ALMAMAT. IT Faces: Biomedical startups collect a lot of information about users, analyze it and identify patterns. Can this data be useful in biomedical science or other scientific fields? Do you see that this works on practice?
Aubrey de Grey: Oh, absolutely! The progress being made in biomedical gerontology using machine learning depends entirely on the availability of very large datasets.
ALMAMAT. IT Faces: There is an idea that e. g. neuroscience needs not only experimenting scientists but also philosophers for a breakthrough in understanding consciousness. How does progressive science see the key scietific problems and ways to solve them? What do you think is changing in the understanding of the methods and approach?
Aubrey de Grey: I don't think there is any real revolution going on in the ways in which scientific and technological problems are addressed. I think it's only that particular fields – and gerontology is a big example right now – undergo transitions from being purely exploratory to being more goal-directed.
ALMAMAT. IT Faces: In practice, a technologically advanced civilization looks today like Anti-Nature and Human-Centered, not Ecosystem-Centered. We see a lot of disturbing processes. Artificial Intelligence can be useful, but nobody asks the global community which advances are acceptable and unacceptable in AI technology development. Another problem is the difficulty of controlling genetic editing and tracking effects in generations. Another problem is the attitude to the planet, the ecosystem and the biosphere as to humankind's property and its resources. There is a feeling that we are moving towards a planet wholly built up with buildings, the destruction of the natural ecosystem and to such actions on Earth and the Moon, which will lead to irreversible disturbances of natural processes. In this context, as a scientist, what do you think about the situation in science and related business sectors?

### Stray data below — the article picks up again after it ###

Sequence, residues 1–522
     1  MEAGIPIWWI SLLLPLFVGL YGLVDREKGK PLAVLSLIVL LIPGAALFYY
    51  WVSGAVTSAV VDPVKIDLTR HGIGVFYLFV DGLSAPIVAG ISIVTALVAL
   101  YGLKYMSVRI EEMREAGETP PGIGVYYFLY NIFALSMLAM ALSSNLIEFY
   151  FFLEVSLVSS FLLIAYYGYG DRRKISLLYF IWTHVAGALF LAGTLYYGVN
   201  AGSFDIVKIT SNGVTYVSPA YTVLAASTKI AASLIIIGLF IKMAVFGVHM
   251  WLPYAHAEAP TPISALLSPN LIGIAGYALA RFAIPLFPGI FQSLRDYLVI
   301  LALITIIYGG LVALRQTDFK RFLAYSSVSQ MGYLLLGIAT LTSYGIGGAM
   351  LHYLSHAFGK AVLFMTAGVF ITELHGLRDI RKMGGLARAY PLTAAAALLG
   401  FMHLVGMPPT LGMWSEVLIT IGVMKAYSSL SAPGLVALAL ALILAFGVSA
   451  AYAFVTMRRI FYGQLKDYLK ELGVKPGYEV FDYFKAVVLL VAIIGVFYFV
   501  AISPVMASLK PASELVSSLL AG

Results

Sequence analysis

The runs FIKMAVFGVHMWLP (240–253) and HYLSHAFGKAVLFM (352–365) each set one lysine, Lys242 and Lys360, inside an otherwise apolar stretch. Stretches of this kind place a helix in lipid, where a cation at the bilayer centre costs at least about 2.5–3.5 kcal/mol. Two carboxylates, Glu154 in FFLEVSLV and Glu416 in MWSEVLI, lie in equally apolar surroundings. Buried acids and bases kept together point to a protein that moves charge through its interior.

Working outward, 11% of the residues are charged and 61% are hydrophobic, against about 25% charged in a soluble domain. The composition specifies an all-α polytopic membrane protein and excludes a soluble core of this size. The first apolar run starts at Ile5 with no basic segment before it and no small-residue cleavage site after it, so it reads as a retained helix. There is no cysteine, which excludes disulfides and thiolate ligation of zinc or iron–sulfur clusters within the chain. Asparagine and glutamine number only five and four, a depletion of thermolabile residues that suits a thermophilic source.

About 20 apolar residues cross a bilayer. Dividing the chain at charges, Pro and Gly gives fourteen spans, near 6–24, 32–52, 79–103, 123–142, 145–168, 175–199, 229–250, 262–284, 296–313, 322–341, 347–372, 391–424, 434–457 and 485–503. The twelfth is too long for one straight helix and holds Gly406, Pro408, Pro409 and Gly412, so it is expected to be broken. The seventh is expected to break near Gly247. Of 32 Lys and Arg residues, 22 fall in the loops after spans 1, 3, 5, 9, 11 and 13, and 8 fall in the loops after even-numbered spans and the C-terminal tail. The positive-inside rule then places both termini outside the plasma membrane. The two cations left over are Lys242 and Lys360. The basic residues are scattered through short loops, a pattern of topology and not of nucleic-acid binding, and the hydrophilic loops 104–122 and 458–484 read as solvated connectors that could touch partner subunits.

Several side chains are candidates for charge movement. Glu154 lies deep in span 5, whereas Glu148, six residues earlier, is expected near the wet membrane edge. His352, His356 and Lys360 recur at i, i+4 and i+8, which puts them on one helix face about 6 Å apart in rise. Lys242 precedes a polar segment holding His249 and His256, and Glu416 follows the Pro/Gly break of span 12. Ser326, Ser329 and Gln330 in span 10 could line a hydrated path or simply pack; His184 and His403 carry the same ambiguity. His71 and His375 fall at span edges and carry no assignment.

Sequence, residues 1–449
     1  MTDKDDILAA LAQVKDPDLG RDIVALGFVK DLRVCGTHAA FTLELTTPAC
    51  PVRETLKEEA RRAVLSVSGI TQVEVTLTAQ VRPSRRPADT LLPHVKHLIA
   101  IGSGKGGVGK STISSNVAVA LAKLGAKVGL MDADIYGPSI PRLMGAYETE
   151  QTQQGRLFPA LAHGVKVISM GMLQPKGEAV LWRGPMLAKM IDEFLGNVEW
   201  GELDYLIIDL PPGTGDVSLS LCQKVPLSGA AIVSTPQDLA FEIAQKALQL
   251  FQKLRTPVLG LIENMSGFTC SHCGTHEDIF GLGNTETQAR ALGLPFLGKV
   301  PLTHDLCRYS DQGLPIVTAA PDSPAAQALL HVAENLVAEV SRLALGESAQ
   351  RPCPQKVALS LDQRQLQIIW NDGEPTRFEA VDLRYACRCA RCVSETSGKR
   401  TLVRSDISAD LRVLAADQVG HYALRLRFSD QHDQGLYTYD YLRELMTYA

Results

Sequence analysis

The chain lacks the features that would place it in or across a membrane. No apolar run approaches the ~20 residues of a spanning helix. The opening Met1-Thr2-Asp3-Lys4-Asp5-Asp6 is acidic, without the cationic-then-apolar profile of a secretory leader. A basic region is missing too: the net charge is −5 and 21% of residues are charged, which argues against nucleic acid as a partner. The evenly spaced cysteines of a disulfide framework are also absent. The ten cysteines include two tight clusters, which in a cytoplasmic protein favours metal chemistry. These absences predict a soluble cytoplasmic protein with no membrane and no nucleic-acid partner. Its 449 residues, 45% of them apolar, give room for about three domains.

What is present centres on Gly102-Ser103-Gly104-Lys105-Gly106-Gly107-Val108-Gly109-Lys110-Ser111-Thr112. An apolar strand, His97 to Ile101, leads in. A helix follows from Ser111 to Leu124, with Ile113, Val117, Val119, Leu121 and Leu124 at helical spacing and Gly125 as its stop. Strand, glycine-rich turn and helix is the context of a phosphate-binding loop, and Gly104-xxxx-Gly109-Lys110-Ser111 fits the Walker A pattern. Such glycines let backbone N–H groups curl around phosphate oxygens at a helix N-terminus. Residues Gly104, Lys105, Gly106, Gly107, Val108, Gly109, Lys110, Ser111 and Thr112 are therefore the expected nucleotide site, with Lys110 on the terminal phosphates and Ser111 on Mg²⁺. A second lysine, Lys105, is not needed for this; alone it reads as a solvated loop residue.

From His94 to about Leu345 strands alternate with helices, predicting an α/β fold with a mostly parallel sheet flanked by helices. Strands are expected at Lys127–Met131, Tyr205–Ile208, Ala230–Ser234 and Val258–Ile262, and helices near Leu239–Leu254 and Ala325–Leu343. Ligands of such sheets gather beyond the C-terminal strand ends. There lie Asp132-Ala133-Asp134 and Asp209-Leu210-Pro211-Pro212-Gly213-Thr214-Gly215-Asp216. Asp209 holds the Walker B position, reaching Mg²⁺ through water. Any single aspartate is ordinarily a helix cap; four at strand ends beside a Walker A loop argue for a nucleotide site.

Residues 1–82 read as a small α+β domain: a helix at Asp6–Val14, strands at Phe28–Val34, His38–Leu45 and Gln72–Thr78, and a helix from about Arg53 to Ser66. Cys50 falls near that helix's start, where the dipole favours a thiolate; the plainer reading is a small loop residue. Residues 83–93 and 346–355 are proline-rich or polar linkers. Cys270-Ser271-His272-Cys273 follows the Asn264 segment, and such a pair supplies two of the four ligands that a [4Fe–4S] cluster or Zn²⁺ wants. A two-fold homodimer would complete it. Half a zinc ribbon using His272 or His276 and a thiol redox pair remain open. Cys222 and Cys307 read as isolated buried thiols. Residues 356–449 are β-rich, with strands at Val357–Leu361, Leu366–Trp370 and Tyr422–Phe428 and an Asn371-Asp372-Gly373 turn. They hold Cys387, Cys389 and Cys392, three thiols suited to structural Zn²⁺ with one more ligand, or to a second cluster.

Aubrey de Grey: I think we are right to be concerned about those dangers, but I also think that we have the opportunity to ensure that these new technologies cause the opposite of the feared effect: that they actually make it more possible to preserve the environment and to protect the things we value in our world. As technology advances, we will become freer from the constraints of limited resources and more able to work in cooperation with each other, rather than competition.
ALMAMAT. IT Faces: Dr. de Grey, do you think there is a way to make science and technology working for business and business based on science and technology help developing civilization without harming nature?
Aubrey de Grey: Absolutely. In fact, it's already happening. Look at life expectancy as a simple statistic: it is rising much faster in the developing world than in the developed world. People like to say that the world is becoming more unequal, and in some ways that's true, but in the most important ways it is not true.
ALMAMAT. IT Faces: In the fiction movies like Blade Runner 2049, we see such terrific scientific progress, and apocalyptic scenario of technology deliberately brought beyond reason. Observing today's actions and decisions of humanity, many of us would ask researchers: "Why and for what are you doing this or creating that?" Dr. de Grey, how would you answer the question about the imperatives and goals of science: what and why does our civilization do – or should do?
Aubrey de Grey: My answer is simple: don't believe movies. Movies are written with the goal of making money, so they aim to reinforce what people already think – so it is circular logic to think that they have any relevance to how the future will actually be. My goal is just to keep people healthy, however long ago they were born. How can that be controversial? ALMAMAT. IT Faces
Images: by Erin Ashford Photography